2.  Presidential Election - Climate change was an important part of the campaign:  "The Obama-Biden cap-and-trade policy will require all pollution credits to be auctioned, and proceeds will go to investments in a clean energy future, habitat protections, and rebates and other transition relief for families."  The 2008 election campaign that is. It was a completely different position in 2012. Or maybe not different at all.  No one could tell because nobody was talking about it.  Even Sandy wasn't enough to propel climate change into the debate in the last week of campaigning.

3.  Native Village of Kivalina v. ExxonMobil - The last filed of the original quartet (American Electric Power, General Motors, Comer, and Kivalina) of climate change nuisance cases, Kivalina finally made it to a federal appellate court, where in September it met the same fate as its brethren:  dismissal affirmed.  Plaintiffs asked for rehearing.  The Ninth Circuit wasn't interested.  As of this writing, the only case left is Comer v. Murphy Oil USA, which is on appeal following its dismissal last March (for the second time) by the Southern District of Mississippi.  According to that court, plaintiffs lose for a wide variety of reasons:  standing, political question doctrine, res judicata, collateral estoppel, displacement, statute of limitations and proximate cause.   

4.  Cap-and-trade - California, alone among the fifty states, instituted its multi-industry full-fledged cap-and-trade program auctions in November.  All of its allowances for 2013 were sold at a price slightly above the mandated floor price of $10/ton.  Regulators and environmental groups hailed the auction as a success; some business groups were less enthusiastic.  The California Chamber of Commerce sued the California Air Resources Board to invalidate the auctions.  Meanwhile, the Regional Greenhouse Gas Initiative in the northeast continues with its allowances trading at the floor price, and with less than 2/3 of its allowances selling in its August and December auctions.  Some commentary concludes that it is time for RGGI to shut down as its CO2 emission goals have been met.    From where we sit, RGGI's success or failure can't be judged until its carbon trading is done in connection with  a robust economy.  The world economic malaise suppresses business, and with it, carbon dioxide emissions.  California may face the same issue.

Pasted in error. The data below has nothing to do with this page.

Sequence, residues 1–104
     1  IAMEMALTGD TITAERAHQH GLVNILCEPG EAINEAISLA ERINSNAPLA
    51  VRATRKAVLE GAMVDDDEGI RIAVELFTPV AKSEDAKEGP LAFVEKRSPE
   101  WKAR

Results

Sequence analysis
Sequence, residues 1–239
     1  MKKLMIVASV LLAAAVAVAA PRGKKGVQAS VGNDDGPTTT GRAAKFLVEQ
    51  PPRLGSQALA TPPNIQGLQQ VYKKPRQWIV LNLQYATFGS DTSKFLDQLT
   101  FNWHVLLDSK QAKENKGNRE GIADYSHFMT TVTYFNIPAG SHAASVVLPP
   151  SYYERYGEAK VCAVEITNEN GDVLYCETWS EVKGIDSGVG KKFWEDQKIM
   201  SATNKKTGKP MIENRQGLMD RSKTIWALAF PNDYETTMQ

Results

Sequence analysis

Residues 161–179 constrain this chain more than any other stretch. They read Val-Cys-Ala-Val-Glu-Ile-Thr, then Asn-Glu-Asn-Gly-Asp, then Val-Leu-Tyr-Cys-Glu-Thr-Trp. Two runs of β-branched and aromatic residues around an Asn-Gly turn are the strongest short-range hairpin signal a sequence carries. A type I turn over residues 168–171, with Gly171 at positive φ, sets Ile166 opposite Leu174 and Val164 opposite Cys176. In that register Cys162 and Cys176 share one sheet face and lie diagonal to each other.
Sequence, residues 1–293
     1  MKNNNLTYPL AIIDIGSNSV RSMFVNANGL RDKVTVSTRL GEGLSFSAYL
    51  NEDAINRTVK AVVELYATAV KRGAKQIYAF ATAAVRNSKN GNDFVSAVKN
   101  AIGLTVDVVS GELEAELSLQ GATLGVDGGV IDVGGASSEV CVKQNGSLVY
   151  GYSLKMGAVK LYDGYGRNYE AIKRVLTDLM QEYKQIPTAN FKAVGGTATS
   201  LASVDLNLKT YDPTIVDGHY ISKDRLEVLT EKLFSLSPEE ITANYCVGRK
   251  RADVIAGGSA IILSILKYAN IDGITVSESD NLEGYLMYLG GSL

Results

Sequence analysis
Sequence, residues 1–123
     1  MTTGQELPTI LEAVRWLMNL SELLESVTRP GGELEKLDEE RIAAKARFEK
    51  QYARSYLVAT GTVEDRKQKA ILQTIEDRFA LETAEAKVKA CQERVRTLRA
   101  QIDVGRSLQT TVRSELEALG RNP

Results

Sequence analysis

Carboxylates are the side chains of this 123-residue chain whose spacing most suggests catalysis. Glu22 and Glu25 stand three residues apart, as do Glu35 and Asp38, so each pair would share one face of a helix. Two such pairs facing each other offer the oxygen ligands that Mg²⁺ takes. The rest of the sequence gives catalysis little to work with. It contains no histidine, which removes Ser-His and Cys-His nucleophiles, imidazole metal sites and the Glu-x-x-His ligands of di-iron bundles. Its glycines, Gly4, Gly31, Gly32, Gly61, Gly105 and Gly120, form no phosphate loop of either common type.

5.  National Flood Insurance Program Reform - Could a poisonously partisan Congress vote for this: 

(1) IN GENERAL- The Council shall consult with scientists and technical experts, other Federal agencies, States, and local communities to--(A) develop recommendations on how to--(i) ensure that flood insurance rate maps incorporate the best available climate science to assess flood risks; and (ii) ensure that the Federal Emergency Management Agency uses the best available methodology to consider the impact of--
(I) the rise in the sea level; ..."?